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Is Auto-Portability the Next Big 401(k) Trend?

February 15, 2017

All signs point to auto portability as the next big thing to shore up 401(k) participant behavior.

 

Most simply, auto portability entails an automated plan-to-plan retirement savings transfer (sometimes via a safe harbor plan) when workers change jobs. This concept is touted as a way to reduce plan leakage; according to the Employee Benefit Research Institute, approximately two-thirds of the impact of diminished retirement savings due to leakage is associated with the cash-outs that sometimes occur at job change.

 

The nonprofit Bipartisan Policy Center weighed in on the topic, as well, in a mid-2016 report. The group recommended that companies adopt processes that allow job-changing participants to seamlessly transfer funds from one defined contribution plan to another. It noted that these efforts could reduce cash-outs and early withdrawals by participants, “who are most vulnerable to making these destructive decisions at the point of job-change.”

 

The research shows support for auto-portability—but is the industry ready?

 

Spencer Williams, founder, president and CEO of Charlotte, North Carolina-based Retirement Clearinghouse, certainly hopes so.

 

Williams’ company has been at the forefront of the movement since it developed a basic transfer program in 2011 to help a large client seamlessly roll over new-hire retirement accounts. When the client noticed that the program reduced new-employee cash-outs by 50 percent, Williams had a revelation and began working on an auto-portability tool that could be more widely used. 

 

Williams points to an earlier automation tool as one of the reasons for the increased number of retirement savings accounts—but it may also be the reason why so many have low balances. 

 

“The Pension Protection Act of 2006 created a safe harbor for retirement plan sponsors to automatically enroll employees in their plans,” he says. “And while auto-enrollment helps plan sponsors and participants over the long term, it has unintentionally fueled a surge in small accounts, hurting both constituencies.”

 

Williams notes that auto-portability helps match individual electronic records in former and new employers’ retirement plans, ensuring that retirement savings are transferred automatically and seamlessly.

 

To validate his initial concept, Williams developed, with his team, a simulation of the overall effect of auto-portability on the industry. Their estimates show that, over 10 years, $1.3 trillion could stay in the retirement market—versus being cashed out, if auto-portability were successfully adopted.

 

“From there, we were also able to show the major record-keepers their respective shares of that savings, including a specific inflow/outflow, bottom-line impact to their businesses,” he adds. “They were impressed.”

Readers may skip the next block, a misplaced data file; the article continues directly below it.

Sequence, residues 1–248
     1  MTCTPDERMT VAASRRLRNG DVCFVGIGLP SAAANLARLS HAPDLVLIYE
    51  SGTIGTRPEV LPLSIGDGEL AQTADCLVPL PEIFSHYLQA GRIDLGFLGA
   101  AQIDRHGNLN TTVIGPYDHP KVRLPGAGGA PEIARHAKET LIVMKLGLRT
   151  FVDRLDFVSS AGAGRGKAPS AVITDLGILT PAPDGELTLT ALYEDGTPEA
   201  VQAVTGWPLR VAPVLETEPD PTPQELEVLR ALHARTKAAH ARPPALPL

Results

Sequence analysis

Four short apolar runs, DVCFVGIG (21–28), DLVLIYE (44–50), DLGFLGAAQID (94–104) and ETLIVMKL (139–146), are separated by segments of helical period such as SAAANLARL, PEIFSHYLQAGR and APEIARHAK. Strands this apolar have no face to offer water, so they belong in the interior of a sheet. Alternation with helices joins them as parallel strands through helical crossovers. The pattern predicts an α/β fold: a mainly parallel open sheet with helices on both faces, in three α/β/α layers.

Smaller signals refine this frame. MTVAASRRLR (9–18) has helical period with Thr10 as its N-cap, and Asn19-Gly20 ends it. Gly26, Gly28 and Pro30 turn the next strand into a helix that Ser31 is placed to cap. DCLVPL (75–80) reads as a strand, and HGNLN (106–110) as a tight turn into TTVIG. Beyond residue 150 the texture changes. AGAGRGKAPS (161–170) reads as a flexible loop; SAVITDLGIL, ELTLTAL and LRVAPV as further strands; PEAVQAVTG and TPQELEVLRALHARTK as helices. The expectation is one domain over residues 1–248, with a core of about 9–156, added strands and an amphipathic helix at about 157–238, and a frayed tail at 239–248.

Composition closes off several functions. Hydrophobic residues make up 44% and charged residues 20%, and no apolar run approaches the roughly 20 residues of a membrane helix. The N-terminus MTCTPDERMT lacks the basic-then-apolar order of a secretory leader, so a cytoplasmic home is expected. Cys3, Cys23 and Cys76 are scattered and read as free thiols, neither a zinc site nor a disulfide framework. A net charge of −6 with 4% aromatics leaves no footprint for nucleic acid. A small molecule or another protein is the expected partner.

So why isn’t auto-portability yet on the tip of everyone’s tongue?

 

“Because the Department of Labor’s (DOL) Fiduciary Rule sucked the air out of the room for three years,” says Williams.

 

He explains that budgets and resources are tied up in complying with the new rule, leaving very little room for other ideas.

 

“However, the enthusiasm is definitely there, and we are aiming for the first quarter of 2018 when dollars will loosen up and this can begin to get traction.”

 

He also hopes for further DOL guidance at that time, as well, since the agency initially pushed back on the universal use of negative consent in this instance; the DOL, in other words, is concerned that employees’ retirement balances would “auto port” to the new company plan unless they opted out.

 

To address the DOL’s concerns, Retirement Clearinghouse has implemented a “consent waterfall” that first seeks affirmative employee consent to move the retirement dollars into the new company’s plan. Williams estimates that at least 50 percent will agree. For those who don’t respond, the firm would continue to seek consent “unless the DOL comes through with an advisory opinion that would allow for negative consent to be used for the smallest balances,” he adds.  

 

A key component of auto-portability should be appealing to advisors who aren’t as focused on small retirement balances: The tools carry no cost, Williams says, and, in the end, will increase the overall asset base under management.

 

“It’s a net gain for the advisor with minimal effort,” says Williams.

 

But encouraging all players to participate is another hurdle altogether. When an employee with any retirement sum heads to a new company, the auto-portability tool should send an electronic “ping” to see who currently holds the plan, then helping facilitate the transfer. Everyone, however, should be ready to send and receive these requests – something that is currently a work in progress. 

 

This doesn’t seem to worry the key players, like Tom Johnson, Retirement Clearinghouse’s head of policy and development.

 

“The head of one of the largest record-keepers told me recently, ‘Look: It’s not a matter of if, but when auto-portability becomes an industrywide reality’.”


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